Change search
ReferencesLink to record
Permanent link

Direct link
Multilocus sequence typing of Swedish invasive group B streptococcus isolates indicates a neonatally associated genetic lineage and capsule switching.
Umeå University, Faculty of Medicine, Clinical Microbiology, Biomedical Laboratory Science.
Umeå University, Faculty of Medicine, Clinical Microbiology, Clinical Bacteriology.
Umeå University, Faculty of Medicine, Clinical Microbiology, Clinical Bacteriology.
Show others and affiliations
2005 (English)In: Journal of Clinical Microbiology, ISSN 0095-1137, Vol. 43, no 8, 3727-3733 p.Article in journal (Refereed) Published
Place, publisher, year, edition, pages
2005. Vol. 43, no 8, 3727-3733 p.
URN: urn:nbn:se:umu:diva-5356DOI: 10.1128/JCM.43.8.3727-3733.2005PubMedID: 16081902OAI: diva2:144848
Available from: 2006-09-28 Created: 2006-09-28 Last updated: 2009-10-12Bibliographically approved
In thesis
1. Molecular epidemiology of streptococcus agalactiae: mobile elements as genetic markers.
Open this publication in new window or tab >>Molecular epidemiology of streptococcus agalactiae: mobile elements as genetic markers.
2006 (English)Doctoral thesis, comprehensive summary (Other academic)
Abstract [en]

Streptococcus agalactiae, also designated group B streptococcus (GBS), is a Gram-positive coccus, and it is an important pathogen that causes invasive disease in neonates, pregnant adults, and non-pregnant adults with predisposing conditions. The group II intron GBSi1 is one of the major mobile genetic elements identified in S. agalactiae. The aim of this thesis was to characterize the GBSi1 distribution pattern, the population structure, and the influence of serotype- and clone-specific properties on the invasive capacity among clinical invasive and non-invasive isolates of S. agalactiae.

Two additional copies of GBSi1 were identified at sites different from the primarily identified scpB-lmb locus. The distribution of GBSi1 was uneven among different serotypes. Three intron copies were only found in isolates of serotype III, and these targeted all the three identified gene loci. In contrast, a single copy of GBSi1 was found in isolates of serotype II and V and only located at the scpB-lmb locus. Furthermore, at the 5′ flanking region of the scpB-lmb gene locus, a novel 2.1 kb DNA fragment with plasmid features was identified only in intron carrying isolates. This may suggest that GBSi1 once was brought into the S. agalactiae genome by an integrated plasmid.

Multilocus sequence typing was used to characterize totally 314 invasive and non-invasive S. agalactiae isolates collected in Northern and Western Sweden from the years 1988 to 2004. Five major genetic lineages (clonal complexes) were identified among both invasive and non-invasive isolates, including serotype Ia, Ib, and II to V, indicating a clonal population structure of S. agalactiae isolates. A number of genetically highly related isolates were found to express different capsular types, suggesting that capsule switching occurs rather frequently between isolates. Furthermore, non-invasive isolates belonging to the same clonal complexes displayed more heterogeneity in capsule expression as well as in the distribution patterns of mobile genetic elements than invasive isolates. This indicates that less variability is allowed in a highly selective environment such as the blood. All major clonal complexes and serotypes caused invasive disease, although their ability to do so varied greatly. CC17 was significantly associated with neonatal invasive disease; whereas CC19 was equally common among isolates from adult and neonatal disease, despite that both CC17 and CC19 expressed capsular type III. This striking difference seen between CC17 and CC19 suggests that clonal complex associated properties, in addition to capsular type, play important roles in the virulence of S. agalactiae. CC1, a new emerging clone since early 1990s, has caused substantial amount of disease among adults. In addition, mutually exclusive distribution of mobile elements GBSi1 and IS1548 was seen, and they were shown to constitute genetic markers for serotype III CC17 and CC19 isolates, respectively.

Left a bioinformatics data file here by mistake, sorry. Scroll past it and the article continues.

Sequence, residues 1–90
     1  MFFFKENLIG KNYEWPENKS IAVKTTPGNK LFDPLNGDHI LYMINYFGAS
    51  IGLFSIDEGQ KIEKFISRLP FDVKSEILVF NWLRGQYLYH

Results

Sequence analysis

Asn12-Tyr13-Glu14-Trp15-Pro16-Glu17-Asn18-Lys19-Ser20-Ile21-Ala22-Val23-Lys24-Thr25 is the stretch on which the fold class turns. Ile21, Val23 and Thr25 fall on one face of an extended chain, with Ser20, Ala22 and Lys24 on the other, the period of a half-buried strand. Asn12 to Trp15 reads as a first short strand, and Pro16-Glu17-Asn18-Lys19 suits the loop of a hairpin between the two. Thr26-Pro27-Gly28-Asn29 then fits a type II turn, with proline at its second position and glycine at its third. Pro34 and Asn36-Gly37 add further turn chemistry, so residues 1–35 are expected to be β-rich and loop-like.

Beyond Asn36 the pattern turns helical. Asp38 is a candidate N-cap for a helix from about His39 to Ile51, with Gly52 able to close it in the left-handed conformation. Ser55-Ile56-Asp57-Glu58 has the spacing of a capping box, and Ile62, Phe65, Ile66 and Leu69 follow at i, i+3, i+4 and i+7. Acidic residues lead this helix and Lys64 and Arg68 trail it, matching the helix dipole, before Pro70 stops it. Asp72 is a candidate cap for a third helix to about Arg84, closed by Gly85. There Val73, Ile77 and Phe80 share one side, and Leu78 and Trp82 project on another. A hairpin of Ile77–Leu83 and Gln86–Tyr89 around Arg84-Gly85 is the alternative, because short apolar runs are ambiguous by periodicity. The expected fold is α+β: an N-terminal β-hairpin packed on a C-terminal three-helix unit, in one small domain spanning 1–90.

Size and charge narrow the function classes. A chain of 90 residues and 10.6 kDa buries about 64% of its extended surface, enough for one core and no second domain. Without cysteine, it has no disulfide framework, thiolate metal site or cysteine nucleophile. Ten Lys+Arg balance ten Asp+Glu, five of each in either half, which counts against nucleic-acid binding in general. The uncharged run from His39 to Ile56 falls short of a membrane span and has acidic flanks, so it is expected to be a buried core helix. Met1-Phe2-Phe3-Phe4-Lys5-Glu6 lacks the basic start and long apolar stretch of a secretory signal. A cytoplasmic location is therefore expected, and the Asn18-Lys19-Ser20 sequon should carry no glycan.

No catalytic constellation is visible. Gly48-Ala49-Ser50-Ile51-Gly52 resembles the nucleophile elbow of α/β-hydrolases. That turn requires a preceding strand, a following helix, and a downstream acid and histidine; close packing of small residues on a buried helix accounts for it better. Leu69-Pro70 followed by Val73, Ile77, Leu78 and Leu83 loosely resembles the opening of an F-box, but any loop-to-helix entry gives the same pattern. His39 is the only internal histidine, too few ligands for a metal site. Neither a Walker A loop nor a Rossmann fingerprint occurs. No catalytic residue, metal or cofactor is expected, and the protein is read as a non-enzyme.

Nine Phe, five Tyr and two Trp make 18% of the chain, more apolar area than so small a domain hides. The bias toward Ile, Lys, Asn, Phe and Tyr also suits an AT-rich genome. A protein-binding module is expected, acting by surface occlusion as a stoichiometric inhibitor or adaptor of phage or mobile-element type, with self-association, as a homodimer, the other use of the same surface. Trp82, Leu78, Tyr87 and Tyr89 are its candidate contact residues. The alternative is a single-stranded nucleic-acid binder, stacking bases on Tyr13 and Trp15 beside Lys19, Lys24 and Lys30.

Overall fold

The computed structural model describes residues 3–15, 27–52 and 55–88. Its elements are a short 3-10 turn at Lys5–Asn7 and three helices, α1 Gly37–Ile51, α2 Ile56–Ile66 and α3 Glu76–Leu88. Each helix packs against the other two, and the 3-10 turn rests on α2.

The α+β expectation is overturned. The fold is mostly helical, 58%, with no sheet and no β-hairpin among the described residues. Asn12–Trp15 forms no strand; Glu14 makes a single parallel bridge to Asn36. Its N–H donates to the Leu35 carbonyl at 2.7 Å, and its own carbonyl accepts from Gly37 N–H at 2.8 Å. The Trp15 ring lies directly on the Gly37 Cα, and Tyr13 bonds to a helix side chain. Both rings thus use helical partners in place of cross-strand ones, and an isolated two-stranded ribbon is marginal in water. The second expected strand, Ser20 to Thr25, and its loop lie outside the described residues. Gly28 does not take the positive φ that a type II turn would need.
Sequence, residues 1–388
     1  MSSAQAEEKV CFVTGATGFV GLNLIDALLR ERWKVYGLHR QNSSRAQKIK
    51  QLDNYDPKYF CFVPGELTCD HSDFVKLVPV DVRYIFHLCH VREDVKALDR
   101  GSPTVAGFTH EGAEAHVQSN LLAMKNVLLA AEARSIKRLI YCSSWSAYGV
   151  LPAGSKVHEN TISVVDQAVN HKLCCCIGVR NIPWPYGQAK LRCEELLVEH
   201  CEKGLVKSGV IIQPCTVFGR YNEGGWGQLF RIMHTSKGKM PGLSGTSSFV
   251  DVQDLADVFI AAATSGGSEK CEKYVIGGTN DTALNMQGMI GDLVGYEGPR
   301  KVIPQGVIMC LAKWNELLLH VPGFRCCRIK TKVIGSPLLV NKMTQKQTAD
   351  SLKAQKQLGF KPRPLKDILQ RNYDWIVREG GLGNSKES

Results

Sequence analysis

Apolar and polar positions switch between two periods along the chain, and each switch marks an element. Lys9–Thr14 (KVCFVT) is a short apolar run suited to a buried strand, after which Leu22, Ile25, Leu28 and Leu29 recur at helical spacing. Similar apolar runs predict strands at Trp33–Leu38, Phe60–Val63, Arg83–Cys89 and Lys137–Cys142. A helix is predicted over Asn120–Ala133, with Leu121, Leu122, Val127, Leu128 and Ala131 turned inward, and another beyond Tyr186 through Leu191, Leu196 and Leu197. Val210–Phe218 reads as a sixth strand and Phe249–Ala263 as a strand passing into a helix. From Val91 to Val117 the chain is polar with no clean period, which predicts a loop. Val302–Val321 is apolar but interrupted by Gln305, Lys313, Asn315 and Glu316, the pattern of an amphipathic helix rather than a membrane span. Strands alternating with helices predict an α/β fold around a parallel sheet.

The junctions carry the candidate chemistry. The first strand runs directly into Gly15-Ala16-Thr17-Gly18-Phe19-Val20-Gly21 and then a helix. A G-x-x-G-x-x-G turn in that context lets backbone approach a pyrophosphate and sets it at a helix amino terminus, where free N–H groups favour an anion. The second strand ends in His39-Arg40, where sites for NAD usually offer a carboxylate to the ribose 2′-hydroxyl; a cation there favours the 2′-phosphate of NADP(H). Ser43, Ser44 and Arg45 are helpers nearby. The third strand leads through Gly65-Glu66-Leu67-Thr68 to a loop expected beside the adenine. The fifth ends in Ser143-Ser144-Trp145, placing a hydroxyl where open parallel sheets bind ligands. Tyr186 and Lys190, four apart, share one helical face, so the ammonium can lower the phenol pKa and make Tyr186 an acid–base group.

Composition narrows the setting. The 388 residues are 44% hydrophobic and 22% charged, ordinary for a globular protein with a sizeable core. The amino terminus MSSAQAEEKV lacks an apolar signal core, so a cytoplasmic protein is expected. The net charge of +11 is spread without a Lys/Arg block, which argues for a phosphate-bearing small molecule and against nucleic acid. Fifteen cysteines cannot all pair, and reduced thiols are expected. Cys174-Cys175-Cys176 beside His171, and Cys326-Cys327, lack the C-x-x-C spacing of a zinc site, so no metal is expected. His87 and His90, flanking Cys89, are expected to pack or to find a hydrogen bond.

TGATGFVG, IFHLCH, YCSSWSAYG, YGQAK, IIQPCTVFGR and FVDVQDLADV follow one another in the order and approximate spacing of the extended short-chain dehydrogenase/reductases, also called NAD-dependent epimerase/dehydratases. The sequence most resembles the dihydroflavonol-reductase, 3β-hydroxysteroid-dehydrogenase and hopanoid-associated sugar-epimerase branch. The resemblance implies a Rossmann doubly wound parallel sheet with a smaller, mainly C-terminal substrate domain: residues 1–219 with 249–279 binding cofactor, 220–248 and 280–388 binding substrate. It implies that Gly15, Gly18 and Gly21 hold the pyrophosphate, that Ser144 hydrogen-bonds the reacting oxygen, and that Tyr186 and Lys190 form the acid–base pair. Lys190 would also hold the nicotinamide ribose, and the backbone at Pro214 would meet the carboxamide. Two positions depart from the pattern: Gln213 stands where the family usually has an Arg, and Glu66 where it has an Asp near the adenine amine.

Place, publisher, year, edition, pages
Umeå: Klinisk mikrobiologi, 2006. 73 p.
Umeå University medical dissertations, ISSN 0346-6612 ; 1039
Streptococcus agalactiae, group II intron (GBSi1), multilocus sequence typing, capsular serotype, population structure
National Category
Microbiology in the medical area
urn:nbn:se:umu:diva-877 (URN)91-7264-132-0 (ISBN)
Public defence
2006-10-20, Betula, 6M, Norrlands Universitetssjukhus, Umeå, 09:00
Available from: 2006-09-28 Created: 2006-09-28Bibliographically approved

Open Access in DiVA

No full text

Other links

Publisher's full textPubMed
By organisation
Biomedical Laboratory ScienceClinical Bacteriology
In the same journal
Journal of Clinical Microbiology

Search outside of DiVA

GoogleGoogle Scholar
The number of downloads is the sum of all downloads of full texts. It may include eg previous versions that are now no longer available

Altmetric score

Total: 29 hits
ReferencesLink to record
Permanent link

Direct link